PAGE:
By Dorothy Foltz-Gray
May 09, 2013

In the old days—just a few years ago, in fact—health misinformation would spread slowly. Not today. “The Internet has given people the ability to send everyone on their e-mail lists wild stories that end up mushrooming around the world in a matter of hours,” says Rich Buhler, creator of, a Web site devoted to debunking false e-mail rumors. But relax: Most of those health scares hitting your in-box are a misreading of facts or a deliberate twisting of the truth.

Drink eight glasses of water a day
In 1945, the U.S. Food and Nutrition Board told people to consume eight glasses of fluid daily. Before long, most of us believed we needed eight glasses of water, in addition to what we eat and drink, every day.

The Truth: Waters great, but you also whet your whistle with juice, tea, milk, fruits, and vegetables—quite enough to keep you hydrated. Even coffee quenches thirst, despite its reputation as a diuretic; the caffeine makes you lose some liquid, but youre still getting plenty.

Contrary to common belief, urine color is not a great sign of dehydration, says Rachel Vreeman, MD, a fellow in Childrens Health Services Research at the Indiana University School of Medicine in Indianapolis: “If youre thirsty, you should drink.” But dont overdo it. Drinking too much can lead to hyponatremia, in which sodium levels fall, causing an electrolyte imbalance that can make you very sick.

Stress will turn your hair gray
The carpool, the spilled milk, the deadlines. Who doesnt believe that hair products make covering them a cinch.

Reading in poor light ruins your eyes
Its the common-sense refrain of mothers everywhere—reading under the covers or by moonlight will ruin your eyesight.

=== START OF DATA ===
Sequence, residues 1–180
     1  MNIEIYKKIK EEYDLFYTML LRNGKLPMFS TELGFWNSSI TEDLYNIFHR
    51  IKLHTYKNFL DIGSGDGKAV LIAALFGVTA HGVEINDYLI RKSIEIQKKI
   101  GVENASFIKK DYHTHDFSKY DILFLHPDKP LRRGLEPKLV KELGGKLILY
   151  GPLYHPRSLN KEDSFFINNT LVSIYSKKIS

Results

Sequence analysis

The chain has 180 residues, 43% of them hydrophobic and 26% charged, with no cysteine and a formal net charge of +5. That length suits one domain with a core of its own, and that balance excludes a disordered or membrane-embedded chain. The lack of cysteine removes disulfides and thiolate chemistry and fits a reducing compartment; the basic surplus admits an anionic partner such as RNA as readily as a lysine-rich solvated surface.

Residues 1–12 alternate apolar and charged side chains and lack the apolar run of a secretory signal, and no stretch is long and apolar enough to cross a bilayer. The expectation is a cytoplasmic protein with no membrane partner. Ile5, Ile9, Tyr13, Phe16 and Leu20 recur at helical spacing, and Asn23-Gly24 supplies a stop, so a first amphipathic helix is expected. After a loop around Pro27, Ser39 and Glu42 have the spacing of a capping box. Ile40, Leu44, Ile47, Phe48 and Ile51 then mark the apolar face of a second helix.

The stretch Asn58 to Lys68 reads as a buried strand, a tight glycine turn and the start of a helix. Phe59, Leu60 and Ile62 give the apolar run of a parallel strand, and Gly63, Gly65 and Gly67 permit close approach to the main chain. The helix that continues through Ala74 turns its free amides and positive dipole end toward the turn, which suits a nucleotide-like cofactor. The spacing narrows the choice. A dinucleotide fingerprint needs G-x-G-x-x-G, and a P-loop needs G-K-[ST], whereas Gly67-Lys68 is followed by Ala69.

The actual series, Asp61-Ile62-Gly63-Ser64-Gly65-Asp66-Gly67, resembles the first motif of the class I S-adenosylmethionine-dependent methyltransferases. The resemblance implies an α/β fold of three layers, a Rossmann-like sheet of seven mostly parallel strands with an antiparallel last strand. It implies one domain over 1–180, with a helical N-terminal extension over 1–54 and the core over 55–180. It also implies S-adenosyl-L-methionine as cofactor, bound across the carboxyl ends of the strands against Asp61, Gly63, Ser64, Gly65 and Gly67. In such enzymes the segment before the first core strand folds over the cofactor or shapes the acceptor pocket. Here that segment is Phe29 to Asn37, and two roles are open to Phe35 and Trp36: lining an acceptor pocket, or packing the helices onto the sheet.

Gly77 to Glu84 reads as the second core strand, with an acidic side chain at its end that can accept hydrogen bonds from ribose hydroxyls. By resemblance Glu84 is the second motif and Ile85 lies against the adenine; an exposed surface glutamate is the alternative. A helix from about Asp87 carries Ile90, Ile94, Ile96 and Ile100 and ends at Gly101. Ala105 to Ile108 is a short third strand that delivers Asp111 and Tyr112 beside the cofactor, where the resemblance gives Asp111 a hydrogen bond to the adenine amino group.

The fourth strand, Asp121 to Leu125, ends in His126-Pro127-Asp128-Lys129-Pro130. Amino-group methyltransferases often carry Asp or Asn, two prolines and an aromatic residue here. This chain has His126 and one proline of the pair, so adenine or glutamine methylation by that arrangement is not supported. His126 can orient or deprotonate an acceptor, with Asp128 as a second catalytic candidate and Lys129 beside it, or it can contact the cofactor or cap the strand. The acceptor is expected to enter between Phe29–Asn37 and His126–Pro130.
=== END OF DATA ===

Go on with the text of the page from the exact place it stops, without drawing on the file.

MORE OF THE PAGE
The Truth: “Reading in dim light can strain your eyes,” Snyderman explains. “You tend to squint, and that can give you a headache. But you wont do any permanent damage, except maybe cause crows-feet.”

Your overtired eyes can get dry and achy, and may even make your vision seem less clear, but a good nights rest will help your peepers recover just fine. (Read about vision-friendly foods here.)
Next Page: Coffees really bad for you [ pagebreak ]Coffees really bad for you
Surely something 108 million Americans crave so much each morning couldnt possibly be good for you? Wrong.

The Truth: Too much may give you the jitters, but your daily habit has a lot of positives. “Coffee comes from plants, which have helpful phytochemicals that act as antioxidants,” says Stacy Beeson, RD, a wellness dietitian at St. Lukes Boise Medical Center in Boise, Idaho. One set of antioxidants appears to increase insulin sensitivity, which might explain a lowered risk of type 2 diabetes in people who sip java. A Harvard study of more than 125,000 coffee drinkers found that women cut their risk of type 2 diabetes by 30 percent. Other studies suggest that coffee cuts the risks of Parkinsons disease, colon cancer, cirrhosis, and gallstones—and it might even increase your lifespan. Drinking joe gives your brain a boost, too. And, despite the jolt of energy it provides, coffee has no effect on heart disease.

Two to three cups a day is fine for most people, Beeson says. But if you take your coffee with a racing heart, anxiety, or wide-eyed nights, cut back or switch to decaf. If youre pregnant or low on calcium, talk to your doc about the best brew for you.

Feed a cold, starve a fever